Medicare has said the penalty program replaced a system that inadvertently rewarded hospitals for readmissions. Under that system, a readmission counted as a separate hospital stay, so the facility got paid for two stays instead of one.
The penalties, which begin their sixth year in October, have coincided with a nationwide decrease in hospital repeat patients, KHN’s Jordan Rau reported. Between 2007 and 2015, the frequency of readmissions for conditions targeted by Medicare dropped from 21.5 percent to 17.8 percent, with the majority of the decrease occurring shortly after the health law passed in 2010, according to a study in the New England Journal of Medicine..
Some hospitals began giving low-income patients free medications prescribed for their recovery, while others sent nurses to check up on patients considered most likely to relapse in their homes, KHN reported. Readmissions dropped more quickly at hospitals potentially subject to the penalty than at other hospitals, another study found.
“The sum of the evidence really suggests that this program is helping people,” said Dr. Susannah Bernheim, of the Yale-New Haven Hospital Center for Outcomes Research and Evaluation.
But the reductions have been leveling off in the past few years, suggesting that the penalties’ ability to induce improvements may be waning. “Presumably, hospitals made substantial changes during the implementation period but could not sustain such a high rate of reductions in the long term,” the New England Journal article said.
“We have indeed reached the limits of what changes in how we deliver care will allow us to do,” said Nancy Foster, vice president for quality at the American Hospital Association. “We can’t prevent every readmission. It could be that there is further room for improvement, but we just don’t know what the technique is to make that happen.”
This year, the average penalty will be 0.73 percent of each payment Medicare makes for a patient between Oct. 1 and Sept. 30, 2018, according to a Kaiser Health News analysis. Forty-eight hospitals nationally – including Georgia’s Chestatee Regional in Dahlonega — received the maximum punishment of a 3 percent reduction.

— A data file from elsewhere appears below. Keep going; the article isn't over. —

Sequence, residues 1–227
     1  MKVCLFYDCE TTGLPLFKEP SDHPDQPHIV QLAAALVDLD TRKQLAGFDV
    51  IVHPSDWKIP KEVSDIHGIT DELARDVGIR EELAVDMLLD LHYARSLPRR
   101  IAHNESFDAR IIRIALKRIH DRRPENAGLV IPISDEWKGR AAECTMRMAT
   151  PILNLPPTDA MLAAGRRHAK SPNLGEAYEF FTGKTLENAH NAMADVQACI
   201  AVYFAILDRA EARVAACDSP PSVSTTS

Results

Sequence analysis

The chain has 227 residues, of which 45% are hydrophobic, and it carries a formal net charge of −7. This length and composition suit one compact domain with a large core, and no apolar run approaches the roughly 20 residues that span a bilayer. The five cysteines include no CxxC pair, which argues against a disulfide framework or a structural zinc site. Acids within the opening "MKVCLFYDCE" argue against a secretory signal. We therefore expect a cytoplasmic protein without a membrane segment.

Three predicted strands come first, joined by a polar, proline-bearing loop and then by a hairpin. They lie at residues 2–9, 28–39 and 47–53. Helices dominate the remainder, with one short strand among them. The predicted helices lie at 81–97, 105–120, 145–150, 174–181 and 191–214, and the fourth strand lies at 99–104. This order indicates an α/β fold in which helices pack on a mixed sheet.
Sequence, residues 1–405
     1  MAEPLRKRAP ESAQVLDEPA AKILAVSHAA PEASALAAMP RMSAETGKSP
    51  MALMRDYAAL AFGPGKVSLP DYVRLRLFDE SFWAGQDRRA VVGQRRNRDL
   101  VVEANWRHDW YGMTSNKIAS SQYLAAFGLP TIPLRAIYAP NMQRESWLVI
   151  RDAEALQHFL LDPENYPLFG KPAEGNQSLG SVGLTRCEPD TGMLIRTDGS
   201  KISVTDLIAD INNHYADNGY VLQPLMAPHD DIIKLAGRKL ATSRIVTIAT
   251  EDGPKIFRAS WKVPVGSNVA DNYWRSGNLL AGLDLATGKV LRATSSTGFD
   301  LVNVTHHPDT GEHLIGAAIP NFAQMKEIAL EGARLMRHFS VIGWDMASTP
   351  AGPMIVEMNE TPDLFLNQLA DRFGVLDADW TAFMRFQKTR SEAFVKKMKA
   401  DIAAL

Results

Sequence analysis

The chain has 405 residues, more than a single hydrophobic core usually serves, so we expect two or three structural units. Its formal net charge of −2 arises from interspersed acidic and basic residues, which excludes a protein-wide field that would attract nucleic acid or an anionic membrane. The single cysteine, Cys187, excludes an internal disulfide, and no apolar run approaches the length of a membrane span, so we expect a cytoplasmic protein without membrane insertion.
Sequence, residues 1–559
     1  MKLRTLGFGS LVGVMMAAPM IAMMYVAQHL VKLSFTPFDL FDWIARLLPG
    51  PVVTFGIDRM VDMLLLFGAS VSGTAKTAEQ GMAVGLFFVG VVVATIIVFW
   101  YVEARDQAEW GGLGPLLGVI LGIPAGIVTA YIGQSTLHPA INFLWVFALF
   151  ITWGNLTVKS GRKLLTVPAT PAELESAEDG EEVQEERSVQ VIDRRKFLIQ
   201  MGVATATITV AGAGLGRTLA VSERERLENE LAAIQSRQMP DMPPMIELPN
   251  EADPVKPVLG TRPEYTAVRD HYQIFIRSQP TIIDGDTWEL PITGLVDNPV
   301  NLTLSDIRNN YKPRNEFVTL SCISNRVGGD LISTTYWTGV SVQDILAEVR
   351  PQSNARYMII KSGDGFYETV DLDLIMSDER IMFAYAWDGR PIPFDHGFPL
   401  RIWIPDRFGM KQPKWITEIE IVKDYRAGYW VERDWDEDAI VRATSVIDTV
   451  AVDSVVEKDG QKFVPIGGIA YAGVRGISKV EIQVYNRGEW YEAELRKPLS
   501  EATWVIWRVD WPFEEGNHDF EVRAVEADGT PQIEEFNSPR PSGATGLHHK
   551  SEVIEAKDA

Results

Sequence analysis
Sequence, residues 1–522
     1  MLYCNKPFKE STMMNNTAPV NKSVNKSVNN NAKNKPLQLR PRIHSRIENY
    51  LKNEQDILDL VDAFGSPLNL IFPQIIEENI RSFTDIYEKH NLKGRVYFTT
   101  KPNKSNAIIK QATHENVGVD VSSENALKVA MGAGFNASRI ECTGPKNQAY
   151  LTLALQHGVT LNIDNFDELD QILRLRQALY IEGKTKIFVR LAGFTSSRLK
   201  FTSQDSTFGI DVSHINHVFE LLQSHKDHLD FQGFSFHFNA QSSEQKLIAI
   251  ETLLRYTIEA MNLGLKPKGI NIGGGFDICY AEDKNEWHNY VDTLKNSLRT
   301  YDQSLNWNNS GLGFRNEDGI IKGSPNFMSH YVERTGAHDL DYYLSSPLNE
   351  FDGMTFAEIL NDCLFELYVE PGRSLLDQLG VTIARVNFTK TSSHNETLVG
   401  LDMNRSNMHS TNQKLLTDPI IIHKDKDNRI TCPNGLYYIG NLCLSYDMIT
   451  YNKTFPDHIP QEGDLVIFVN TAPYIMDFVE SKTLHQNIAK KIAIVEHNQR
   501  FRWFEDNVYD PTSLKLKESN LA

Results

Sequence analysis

Every non-excluded hospital in Delaware and West Virginia will have its reimbursements reduced, KHN noted. Ninety percent or more will be punished in Arizona, Connecticut, Florida, Kentucky, Massachusetts, Minnesota, New Jersey, New York and Virginia. Sixty percent or fewer will be penalized in Colorado, Kansas, Idaho, Montana, Oregon, South Dakota and Utah.
Congress last year instructed Medicare to make one future alteration in response to complaints from safety-net hospitals and major academic medical centers.
The hospitals, including Grady Memorial in Atlanta, have objected that their patients tend to have lower incomes than those in other hospitals and are more likely to return to the hospital, some because they don’t have a primary care doctor and others because they can’t afford the right medication or diet.
These hospitals argue that this is a disadvantage for them because Medicare bases its readmission targets on industry-wide trends and that it hurts them financially, depriving them of resources they could use to help those same patients.
In October 2018, Medicare will begin basing the penalties on how hospitals compare to their peer groups with similar numbers of poor patients, KHN reported.
Bernheim noted that despite the complaints of safety-net hospitals about the fairness of the process, they have shown some of the greatest drops in readmission rates.